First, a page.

I know that there are users of this forum who have done overland travel - some who have used trailers and some who have not and I know that some people have fitted Landrovers of various types as campers. What I want is to be able to be independent for days at a time, for example in the desert, and to be able to camp entirely independently of the car. Being able to set up camp in a campsite and then drive the car away without needing to completely dismantle the tent, put things away etc. is an important consideration and the whole reason for doing this on a trailer. I would value input from anyone who has experience of doing this type of thing, or who knows about the type of kit that is available. I am keen to do this on a budget so, while I need decent kit to do the job, I do not want to go wild spending money!

Finally, who makes these things already and where can I go to copy look for ideas?

Thanks

Chris

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Guest diesel_jim

Chris, the later "wide track" sankeys share the same track as a 90/110/rangie

you could just cut and insert an extra length of tubing into the axle on yours to get the extra track, although i think the springs are spaced further apart on the later ones too, as well as a wider chassis.

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Getting the trailer the same track as the Defender seems the way to go.

The tents that you see on the trek overland stand at Billing (heaven knows how much they cost :rolleyes: ) seem to fit your needs well too as you get plenty of space for cooking, sitting out of the sun etc in addition to sleeping..

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http://www.trekoverland.com/globe_master.htm

I see they are Howling moon trailer tents, more specs here... http://www.howlingmoon.co.za/trailerframe.html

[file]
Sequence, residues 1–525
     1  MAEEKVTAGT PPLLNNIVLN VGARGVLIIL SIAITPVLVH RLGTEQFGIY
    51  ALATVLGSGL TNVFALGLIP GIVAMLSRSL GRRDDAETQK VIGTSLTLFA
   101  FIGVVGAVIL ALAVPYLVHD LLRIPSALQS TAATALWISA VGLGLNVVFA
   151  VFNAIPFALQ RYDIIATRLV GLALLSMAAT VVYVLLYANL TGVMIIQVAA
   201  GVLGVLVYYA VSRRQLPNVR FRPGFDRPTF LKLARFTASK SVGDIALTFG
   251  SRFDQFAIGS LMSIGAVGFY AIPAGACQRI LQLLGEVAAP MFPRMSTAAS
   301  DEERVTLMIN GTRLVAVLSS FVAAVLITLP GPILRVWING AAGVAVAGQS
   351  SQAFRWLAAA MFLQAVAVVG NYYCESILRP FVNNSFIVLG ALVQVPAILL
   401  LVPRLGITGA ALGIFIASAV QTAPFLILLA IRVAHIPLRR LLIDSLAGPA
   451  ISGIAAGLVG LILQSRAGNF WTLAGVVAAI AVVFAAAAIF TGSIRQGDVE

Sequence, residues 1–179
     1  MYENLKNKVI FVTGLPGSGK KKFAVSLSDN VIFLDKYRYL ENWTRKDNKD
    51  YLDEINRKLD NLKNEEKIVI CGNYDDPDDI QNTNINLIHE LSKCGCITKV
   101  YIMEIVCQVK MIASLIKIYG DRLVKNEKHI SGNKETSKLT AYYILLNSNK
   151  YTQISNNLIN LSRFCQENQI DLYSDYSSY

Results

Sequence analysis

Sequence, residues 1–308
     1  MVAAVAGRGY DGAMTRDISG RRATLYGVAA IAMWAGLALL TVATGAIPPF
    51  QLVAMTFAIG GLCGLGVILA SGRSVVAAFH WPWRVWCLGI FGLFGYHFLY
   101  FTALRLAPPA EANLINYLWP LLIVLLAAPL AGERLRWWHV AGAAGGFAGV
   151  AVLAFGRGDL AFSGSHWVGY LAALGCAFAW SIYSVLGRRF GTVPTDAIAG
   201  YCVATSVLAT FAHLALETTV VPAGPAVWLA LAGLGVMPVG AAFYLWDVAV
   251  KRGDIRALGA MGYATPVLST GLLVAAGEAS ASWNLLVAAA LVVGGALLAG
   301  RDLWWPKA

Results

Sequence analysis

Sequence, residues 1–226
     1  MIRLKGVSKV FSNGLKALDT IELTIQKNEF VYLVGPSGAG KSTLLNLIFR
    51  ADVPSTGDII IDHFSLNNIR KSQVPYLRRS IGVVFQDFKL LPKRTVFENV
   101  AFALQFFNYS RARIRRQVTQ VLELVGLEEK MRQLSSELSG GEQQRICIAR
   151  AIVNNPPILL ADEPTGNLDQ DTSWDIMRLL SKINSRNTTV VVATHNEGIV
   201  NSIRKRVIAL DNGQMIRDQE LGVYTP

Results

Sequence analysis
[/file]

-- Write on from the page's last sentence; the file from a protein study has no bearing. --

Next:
How does the trailer affect dune driving?

Cheers

Steve

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You can pick up a wide track Sankey, with Disc brakes on Ebay from Withams for about £300.

I'm considering doing the same thing, I have an old, dead Sankey which is realistically a bit past its best, so I think I'll splash out on another one.

The only thing I've not decided is what to construct the body from...

Stainless = too heavy and too expensive + I cant TIG weld

Ally = ideal but expensive and I can't TIG weld.

Mild Steel = cheap but have no tools to form it, and wil lbe forever painting it.

Good quality 12mm Ply = looking favorite, as I've got some good stuff, can build a frame from Steel angle, and if the ply is coated with 'west pack' or similar boat building epoxy it will last forever...

I originally planned to build a bigger trailer, but looking at some of those huge, heavy stainless things out there, I've decided to keep it small, and simple.

if you used stainless fittings where possible (screwfix or ebay) you should have no problems with rust.

I'd be interested to see how your's progresses, as Mine is realistically a year away from becoming a reality...

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Hi Chris

I like the look of the Maggiolina roof tent and I think Lone Wolf are using one. However, there does not seem to be much room for anything else up top. I suppose this would be offset with having the trailer.

Also I'm not sure there would be much left of the fridge after being on a sankey for a while?

If you unhitch from the LR and go off for the day the security would have to be pretty robust, like chains to a tree and raised enclosed steel box construction maybe.

Cheers,

Paul.

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Chris,

I am in the process of doing just this at the mo'.

Having spent a big chunk of time teaching people to drive off road with a trailer on, I am more than aware of just how much of a PITA it is and how much it compromises the vehicles abilities.

IMHO that a max weight of 500kgs is what you have available for 90/100/110; cruiser; patrol. The lighter the better. Hitch type is very important with mil/nato ring with 360 degree capability being the dogs. Brakes are very important as is the old 'off switch' for the brakes (Bradley Hitch stylee). As long as the trailer is light enough and well balanced enough, I don't think the track is that important.

I think the sankey is a good base but it's not my option as I couldn't find a cheap one! I am opting for a 14" wheel with 85 profile dual purpose tyres (10kgs wheel and tyre combo) that gives 18" of ground clearence. The drum brakes are mini shoes/drums/adjuster.